In 1927, the government of the Brazilian state of Pará agreed to sell Ford 2.5 million acres along the Tapajós River, and he set to work reproducing a small bit of Michigan in the rainforest. Fordlandia had a main street complete with sidewalks, street lamps, and red fire hydrants in an area where electricity and running water were virtually unheard of.
Still, imported American workers died by the hundreds of malaria, yellow fever, snakebites, and other tropical ailments.
The town’s “Swiss cottage–type” houses and “snug bungalows,” designed in Michigan, were completely unsuited to the climate, trapping both insects and the sweltering heat inside.
The Americans even imported Prohibition; alcohol was forbidden in Fordlandia, though neither the Brazilians nor the American workers took to these rules too fondly, and a flourishing strip of bars and brothels sprang up on an island just off the banks of the settlement.
The modern-day Ford plant in Bahia is situated on the outskirts of a town called Camaçarí, less than two hours from the city of Salvador, in a blank expanse of countryside twenty miles or so inland from the coast.
Suddenly, between the gently rolling hills of palm trees and scarred red earth, along the two-lane highway, a skyline appears.
It’s a ghost town, a grim post-apocalyptic landscape populated only by factories. In addition to the huge Ford plant, there are industrial complexes for Dow Chemical, some German companies, and Monsanto.
This industrial site is located, not coincidentally, on the aquifer that provides water for the entire municipal area of Salvador.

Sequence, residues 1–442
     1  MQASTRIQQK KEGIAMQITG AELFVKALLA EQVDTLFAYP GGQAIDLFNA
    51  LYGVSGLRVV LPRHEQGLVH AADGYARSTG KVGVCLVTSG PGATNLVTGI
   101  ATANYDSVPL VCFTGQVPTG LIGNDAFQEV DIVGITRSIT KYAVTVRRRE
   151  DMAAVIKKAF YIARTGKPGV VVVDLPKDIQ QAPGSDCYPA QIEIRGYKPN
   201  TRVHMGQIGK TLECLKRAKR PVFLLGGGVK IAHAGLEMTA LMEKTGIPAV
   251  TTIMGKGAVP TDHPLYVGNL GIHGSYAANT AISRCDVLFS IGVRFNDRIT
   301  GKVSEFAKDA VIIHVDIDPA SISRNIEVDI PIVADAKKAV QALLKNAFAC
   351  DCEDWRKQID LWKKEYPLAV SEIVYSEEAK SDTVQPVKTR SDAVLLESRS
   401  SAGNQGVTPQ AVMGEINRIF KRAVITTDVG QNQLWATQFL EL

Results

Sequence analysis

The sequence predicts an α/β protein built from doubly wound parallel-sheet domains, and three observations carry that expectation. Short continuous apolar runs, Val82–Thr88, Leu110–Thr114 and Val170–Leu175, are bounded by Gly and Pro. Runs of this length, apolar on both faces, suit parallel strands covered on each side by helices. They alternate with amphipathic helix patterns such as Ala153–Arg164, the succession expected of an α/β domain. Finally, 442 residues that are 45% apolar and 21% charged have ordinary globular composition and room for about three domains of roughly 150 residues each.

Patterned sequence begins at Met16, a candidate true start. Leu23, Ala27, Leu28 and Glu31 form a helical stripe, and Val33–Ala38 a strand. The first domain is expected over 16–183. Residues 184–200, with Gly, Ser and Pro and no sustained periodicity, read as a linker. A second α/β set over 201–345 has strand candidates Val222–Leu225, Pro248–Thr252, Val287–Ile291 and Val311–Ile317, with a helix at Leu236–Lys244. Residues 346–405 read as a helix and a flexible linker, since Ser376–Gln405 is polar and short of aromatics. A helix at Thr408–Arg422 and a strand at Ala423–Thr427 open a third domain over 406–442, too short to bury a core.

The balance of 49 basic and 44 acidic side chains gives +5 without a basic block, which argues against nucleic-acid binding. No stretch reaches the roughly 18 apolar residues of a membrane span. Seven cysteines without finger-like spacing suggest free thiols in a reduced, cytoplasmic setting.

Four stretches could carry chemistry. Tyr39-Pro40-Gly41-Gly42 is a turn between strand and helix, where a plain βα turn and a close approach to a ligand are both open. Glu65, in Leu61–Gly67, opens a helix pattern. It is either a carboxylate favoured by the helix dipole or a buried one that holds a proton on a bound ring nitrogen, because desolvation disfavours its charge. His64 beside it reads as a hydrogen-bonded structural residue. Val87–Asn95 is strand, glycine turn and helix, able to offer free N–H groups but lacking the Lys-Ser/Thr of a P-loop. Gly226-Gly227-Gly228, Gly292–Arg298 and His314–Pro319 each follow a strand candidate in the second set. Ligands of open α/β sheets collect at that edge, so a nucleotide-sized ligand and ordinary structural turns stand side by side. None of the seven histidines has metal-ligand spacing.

We passed through Camaçarí once, on our way to a barbecue hosted by the American Society of Bahia. It was a Saturday evening. Women strolled arm in arm through the praça, boys kicked a ball on a dusty soccer field. Men lounged on the street corners, playing cards and drinking beer.
The barbeque was held at a ranch several miles from town named, inexplicably, Tsedakah Technología.
The children went for a ride on a horse-drawn cart. We ate potato salad and talked with a family of Baptist missionaries and a gay ex-pat who was in the Brazilian civil service. A terrible bluegrass band played.
But all evening that image of the empty industrial city hovered at the edge of my consciousness, unsettling me.
On the way home it was dark, and the lights of the smokestacks blurred past the car window.
I could almost imagine I was back home in New Jersey, except for the dim awareness of being in the middle of a vast, dilapidated continent, where the land is relatively cheap, and the rules are hazy, as the lights bled out of their borders into the night sky.
The acerola is tolerant of drought, and will adopt a deciduous habit. Even in Bahia’s hot climate, the bush’s leaves occasionally turned brown, dried out and fell, not all at once, but enough to cover the ground in a thin autumnal sheath.
The bushes actually appear to be composed of canes. These limbs are brittle, and easily broken.